Additional Measure Continue to be Looked at to Combat Legionnaires’ Disease
Under typical operating conditions, cooling towers can propagate Legionella. Combining chillers and plastic surface cooling towers with added anti-microbial options can significantly reduce the infection risk.
NSF P453: Cooling Towers – Treatment, Operation, and Maintenance to Prevent Legionellosis
This protocol outlines proper maintenance and safety practices associated with evaporative cooling systems. It’s a simple plan with specific means and procedures to manage risks of Legionnaires’ disease. Also addressed are several health concerns associated with commercial buildings and health care facilities. NSF P453 gives the rest of the U.S. rules similar to the New York City and state regulations for cooling towers.
Disneyland, the ‘happiest place on earth’ was required to shut down two water-cooling towers after some visitors to the Anaheim, Calif., theme park contracted Legionnaires’ disease.
12 cases were discovered ‘about’ three weeks ago by the Orange County Health Care Agency.
Disneyland was informed of the cases Oct. 27. After testing found two cooling towers had high levels of Legionella bacteria, the towers were taken out of service and disinfected. They were put back in operation Nov. 5 but, but were shut down again 2 days later. At this point, tests will be required to confirm they are free from contamination, according to the park and the county health agency, before they will be put back in service.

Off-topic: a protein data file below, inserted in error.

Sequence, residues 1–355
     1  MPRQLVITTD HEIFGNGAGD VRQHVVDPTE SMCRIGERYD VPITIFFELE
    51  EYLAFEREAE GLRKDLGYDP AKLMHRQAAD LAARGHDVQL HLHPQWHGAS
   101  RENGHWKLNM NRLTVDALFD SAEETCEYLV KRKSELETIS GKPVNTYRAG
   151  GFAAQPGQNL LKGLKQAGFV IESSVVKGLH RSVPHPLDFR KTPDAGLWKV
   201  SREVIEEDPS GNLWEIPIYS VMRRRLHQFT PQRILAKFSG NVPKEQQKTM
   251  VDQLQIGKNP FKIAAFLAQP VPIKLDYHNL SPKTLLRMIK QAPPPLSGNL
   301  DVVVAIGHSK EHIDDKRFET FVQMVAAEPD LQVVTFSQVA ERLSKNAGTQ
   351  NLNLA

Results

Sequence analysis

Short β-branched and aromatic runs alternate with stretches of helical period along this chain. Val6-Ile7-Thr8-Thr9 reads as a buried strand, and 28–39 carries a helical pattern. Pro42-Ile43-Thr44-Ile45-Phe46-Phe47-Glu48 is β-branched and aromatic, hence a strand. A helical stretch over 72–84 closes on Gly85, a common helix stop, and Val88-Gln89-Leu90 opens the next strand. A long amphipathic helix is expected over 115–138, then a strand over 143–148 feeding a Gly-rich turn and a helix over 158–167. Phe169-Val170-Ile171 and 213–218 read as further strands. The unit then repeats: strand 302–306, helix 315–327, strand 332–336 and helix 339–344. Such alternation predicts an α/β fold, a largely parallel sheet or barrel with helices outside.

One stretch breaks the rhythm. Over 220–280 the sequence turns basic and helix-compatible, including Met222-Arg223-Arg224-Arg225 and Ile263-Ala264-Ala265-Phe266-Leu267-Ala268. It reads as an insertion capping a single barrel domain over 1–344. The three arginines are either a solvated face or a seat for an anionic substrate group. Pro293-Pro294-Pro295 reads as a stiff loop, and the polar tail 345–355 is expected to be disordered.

The New York City Department of Health, while investigating an outbreak of Legionnaires’ disease in the middle of October that infected 15 people, took samples from 55 cooling towers in the area of the reported outbreak. Preliminary results determined that 10 cooling towers contained Legionella DNA. The Department has issued orders to increase or change the biocide used to the kill bacteria.